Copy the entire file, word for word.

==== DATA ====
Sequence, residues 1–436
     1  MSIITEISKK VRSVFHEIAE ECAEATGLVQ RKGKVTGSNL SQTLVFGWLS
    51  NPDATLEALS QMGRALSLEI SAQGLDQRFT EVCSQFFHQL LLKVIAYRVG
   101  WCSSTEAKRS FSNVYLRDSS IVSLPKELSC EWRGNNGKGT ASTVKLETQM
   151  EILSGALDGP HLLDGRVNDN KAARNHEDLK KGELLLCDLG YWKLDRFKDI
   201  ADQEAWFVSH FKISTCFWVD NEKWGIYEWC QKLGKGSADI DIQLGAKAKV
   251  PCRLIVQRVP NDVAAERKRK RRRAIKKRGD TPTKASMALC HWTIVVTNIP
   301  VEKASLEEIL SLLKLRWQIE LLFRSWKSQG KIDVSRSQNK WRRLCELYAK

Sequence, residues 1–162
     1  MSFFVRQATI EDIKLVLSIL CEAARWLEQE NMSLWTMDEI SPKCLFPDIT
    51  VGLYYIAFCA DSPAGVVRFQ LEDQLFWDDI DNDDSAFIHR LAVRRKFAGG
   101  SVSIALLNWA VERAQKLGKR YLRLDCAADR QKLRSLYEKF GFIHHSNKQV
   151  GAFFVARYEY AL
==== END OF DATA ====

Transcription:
Sequence, residues 1–436
     1  MSIITEISKK VRSVFHEIAE ECAEATGLVQ RKGKVTGSNL SQTLVFGWLS
    51  NPDATLEALS QMGRALSLEI SAQGLDQRFT EVCSQFFHQL LLKVIAYRVG
   101  WCSSTEAKRS FSNVYLRDSS IVSLPKELSC EWRGNNGKGT ASTVKLETQM
   151  EILSGALDGP HLLDGRVNDN KAARNHEDLK KGELLLCDLG YWKLDRFKDI
   201  ADQEAWFVSH FKISTCFWVD NEKWGIYEWC QKLGKGSADI DIQLGAKAKV
   251  PCRLIVQRVP NDVAAERKRK RRRAIKKRGD TPTKASMALC HWTIVVTNIP
   301  VEKASLEEIL SLLKLRWQIE LLFRSWKSQG KIDVSRSQNK WRRLCELYAK

Sequence, residues 1–162
     1  MSFFVRQATI EDIKLVLSIL CEAARWLEQE NMSLWTMDEI SPKCLFPDIT
    51  VGLYYIAFCA DSPAGVVRFQ LEDQLFWDDI DNDDSAFIHR LAVRRKFAGG
   101  SVSIALLNWA VERAQKLGKR YLRLDCAADR QKLRSLYEKF GFIHHSNKQV
   151  GAFFVARYEY AL